Global stocks climbed after President Donald Trump suspended plans for tariffs on Mexico. Sovereign bonds fell, along with gold and the yen, as demand for havens ebbed.
The S&P 500 index rose for a fifth straight session, led by chipmakers, retailers and auto companies, though ended off its highs of the day.
Emerging-market shares jumped the most since January as Mexico's peso posted its best day in almost a year after the accord with the U.S. late Friday.
The dollar edged higher while the onshore yuan fell to its weakest level since November after China's central bank hinted it could fall further.
The benchmark U.S. gauge reached the highest in a month, recovering from a painful rout in May, as large takeover deals Monday provided additional support. But the giddiness was tempered as investors looked toward the next developments in the U.S.-China trade showdown.
Treasury Secretary Steven Mnuchin has said the "main progress" on trade may occur when presidents Trump and Xi Jinping meet at the G-20 summit later this month, while finance chiefs over the weekend warned about escalating risks from geopolitical tensions.
"The fact that the president removed the tariffs that were going to take effect shortly is a positive for the markets," said Michael Sheldon, the chief investment officer at RDM Financial Group at HighTower. "The big question remains the trade talks with China that are overhanging the economy and the markets."
Here are some key events coming up:
- ECB President Mario Draghi speaks at a conference in Frankfurt on Wednesday.
- A key measure of U.S. inflation, the consumer price index, is also due Wednesday.
- The race to succeed Theresa May heats up with the first Conservative Party leadership ballot Thursday.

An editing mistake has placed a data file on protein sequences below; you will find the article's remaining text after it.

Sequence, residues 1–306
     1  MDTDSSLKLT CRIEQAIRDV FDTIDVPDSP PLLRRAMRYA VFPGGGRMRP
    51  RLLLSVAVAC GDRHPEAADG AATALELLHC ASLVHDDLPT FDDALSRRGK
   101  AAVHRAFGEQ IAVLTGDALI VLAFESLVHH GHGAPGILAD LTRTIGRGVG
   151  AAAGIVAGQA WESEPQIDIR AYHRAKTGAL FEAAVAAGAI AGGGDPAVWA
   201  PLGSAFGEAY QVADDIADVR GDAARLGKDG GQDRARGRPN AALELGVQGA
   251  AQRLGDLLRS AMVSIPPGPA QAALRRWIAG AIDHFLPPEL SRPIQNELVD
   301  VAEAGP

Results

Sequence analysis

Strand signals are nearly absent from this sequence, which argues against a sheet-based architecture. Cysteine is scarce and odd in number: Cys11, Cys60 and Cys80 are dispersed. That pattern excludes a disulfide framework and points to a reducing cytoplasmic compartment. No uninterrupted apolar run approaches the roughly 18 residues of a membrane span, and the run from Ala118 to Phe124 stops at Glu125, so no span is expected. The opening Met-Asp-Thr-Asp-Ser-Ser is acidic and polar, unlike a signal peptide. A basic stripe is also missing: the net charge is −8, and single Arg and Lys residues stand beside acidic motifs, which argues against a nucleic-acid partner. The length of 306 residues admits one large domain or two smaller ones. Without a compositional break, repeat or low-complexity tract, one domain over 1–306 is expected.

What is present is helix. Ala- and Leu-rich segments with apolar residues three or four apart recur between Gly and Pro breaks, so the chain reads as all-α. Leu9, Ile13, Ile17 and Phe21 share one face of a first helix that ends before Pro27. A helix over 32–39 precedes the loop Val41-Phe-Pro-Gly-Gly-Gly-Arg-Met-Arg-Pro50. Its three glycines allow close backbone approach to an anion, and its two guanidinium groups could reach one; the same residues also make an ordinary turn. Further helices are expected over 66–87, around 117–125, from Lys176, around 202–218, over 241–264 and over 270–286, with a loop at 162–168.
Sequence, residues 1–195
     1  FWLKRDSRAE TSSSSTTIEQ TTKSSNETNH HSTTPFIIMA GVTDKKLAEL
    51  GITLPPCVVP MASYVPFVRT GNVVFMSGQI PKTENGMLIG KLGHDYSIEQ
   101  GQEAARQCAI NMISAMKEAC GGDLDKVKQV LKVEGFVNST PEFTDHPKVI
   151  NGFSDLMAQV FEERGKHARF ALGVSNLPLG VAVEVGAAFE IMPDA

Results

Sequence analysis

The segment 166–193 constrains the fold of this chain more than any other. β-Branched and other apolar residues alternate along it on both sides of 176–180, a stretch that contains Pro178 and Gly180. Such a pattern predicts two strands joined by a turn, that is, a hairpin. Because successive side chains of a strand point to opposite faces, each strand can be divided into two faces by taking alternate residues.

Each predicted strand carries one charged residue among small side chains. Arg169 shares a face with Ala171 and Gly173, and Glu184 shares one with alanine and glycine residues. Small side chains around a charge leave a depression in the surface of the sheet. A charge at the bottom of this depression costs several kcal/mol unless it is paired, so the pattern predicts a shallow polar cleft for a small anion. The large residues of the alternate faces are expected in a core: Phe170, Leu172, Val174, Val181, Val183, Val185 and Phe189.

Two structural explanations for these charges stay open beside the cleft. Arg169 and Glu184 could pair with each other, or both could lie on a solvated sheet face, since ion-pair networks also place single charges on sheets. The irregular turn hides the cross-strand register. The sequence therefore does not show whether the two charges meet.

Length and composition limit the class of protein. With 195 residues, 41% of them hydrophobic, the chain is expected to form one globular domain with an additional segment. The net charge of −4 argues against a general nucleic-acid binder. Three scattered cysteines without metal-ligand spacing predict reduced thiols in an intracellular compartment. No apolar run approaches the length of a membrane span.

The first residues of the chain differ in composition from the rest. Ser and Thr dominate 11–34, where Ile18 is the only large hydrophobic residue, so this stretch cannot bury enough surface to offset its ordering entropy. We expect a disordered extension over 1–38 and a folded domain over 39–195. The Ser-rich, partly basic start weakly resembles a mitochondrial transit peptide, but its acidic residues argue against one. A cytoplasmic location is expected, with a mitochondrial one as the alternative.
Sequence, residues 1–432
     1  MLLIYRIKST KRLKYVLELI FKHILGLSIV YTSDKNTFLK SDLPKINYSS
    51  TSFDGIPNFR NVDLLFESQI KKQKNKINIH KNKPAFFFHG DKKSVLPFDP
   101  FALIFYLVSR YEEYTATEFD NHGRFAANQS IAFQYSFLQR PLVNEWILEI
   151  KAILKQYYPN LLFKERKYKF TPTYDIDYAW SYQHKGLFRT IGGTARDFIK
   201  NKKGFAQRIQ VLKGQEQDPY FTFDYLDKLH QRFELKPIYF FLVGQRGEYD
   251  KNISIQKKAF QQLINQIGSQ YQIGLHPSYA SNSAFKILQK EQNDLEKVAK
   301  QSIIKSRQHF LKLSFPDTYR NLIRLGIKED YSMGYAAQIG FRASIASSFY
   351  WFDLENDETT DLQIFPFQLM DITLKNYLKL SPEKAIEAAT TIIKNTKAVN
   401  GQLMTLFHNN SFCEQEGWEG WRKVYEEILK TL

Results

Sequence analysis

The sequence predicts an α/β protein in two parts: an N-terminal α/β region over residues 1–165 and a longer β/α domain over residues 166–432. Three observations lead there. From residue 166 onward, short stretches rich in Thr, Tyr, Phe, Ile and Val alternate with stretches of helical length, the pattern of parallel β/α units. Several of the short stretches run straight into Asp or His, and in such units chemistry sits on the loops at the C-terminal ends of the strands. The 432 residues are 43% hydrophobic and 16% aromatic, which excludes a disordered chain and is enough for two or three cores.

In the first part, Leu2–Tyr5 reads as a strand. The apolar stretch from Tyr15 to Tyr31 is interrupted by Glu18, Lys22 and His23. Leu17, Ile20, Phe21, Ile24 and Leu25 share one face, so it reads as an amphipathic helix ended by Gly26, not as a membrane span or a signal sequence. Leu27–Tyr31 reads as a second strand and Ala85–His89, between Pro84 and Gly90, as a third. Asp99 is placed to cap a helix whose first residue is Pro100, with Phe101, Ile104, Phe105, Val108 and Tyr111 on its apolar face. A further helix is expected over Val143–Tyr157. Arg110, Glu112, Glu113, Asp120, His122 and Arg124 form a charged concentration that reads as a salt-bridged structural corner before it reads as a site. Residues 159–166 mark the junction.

- Euro-area finance ministers meet in Luxembourg Thursday. On the agenda -- financial penalties for Italy about its debt load, and the euro-area budget.
- China and the U.S. release industrial production, retail sales data Friday.
And these are the main moves in markets:
- The S&P 500 index added 0.5% at the close of trading in New York.
- The Stoxx Europe 600 rose 0.2%.
- The U.K.'s FTSE 100 index climbed 0.6%, reaching the highest in five weeks.
- The MSCI Emerging Market index surged 1.5%, the most since January.
- The Bloomberg Dollar Spot index rose less than 0.1%.
- The Japanese yen sank 0.2% to 108.43 per dollar.
- The onshore yuan declined 0.3% to 6.9311 per dollar.
- The euro declined 0.1% to $1.1319.
- The British pound sank 0.3% to $1.2694.
- Mexico's peso surged 2.2% to 19.1989 per dollar.
- The yield on two-year Treasuries increased five basis points to 1.9%.
- The yield on 10-year Treasuries rose six basis points to 2.14%.
- Germany's 10-year yield climbed four basis points to -0.22%, the first increase in a week.
- West Texas Intermediate crude fell 1.3%, to $53.31 a barrel.
- Gold sank 0.9%, to $1,328.46 an ounce, on the biggest tumble in two months.
Cormac Mullen and Todd White of Bloomberg News contributed to this report.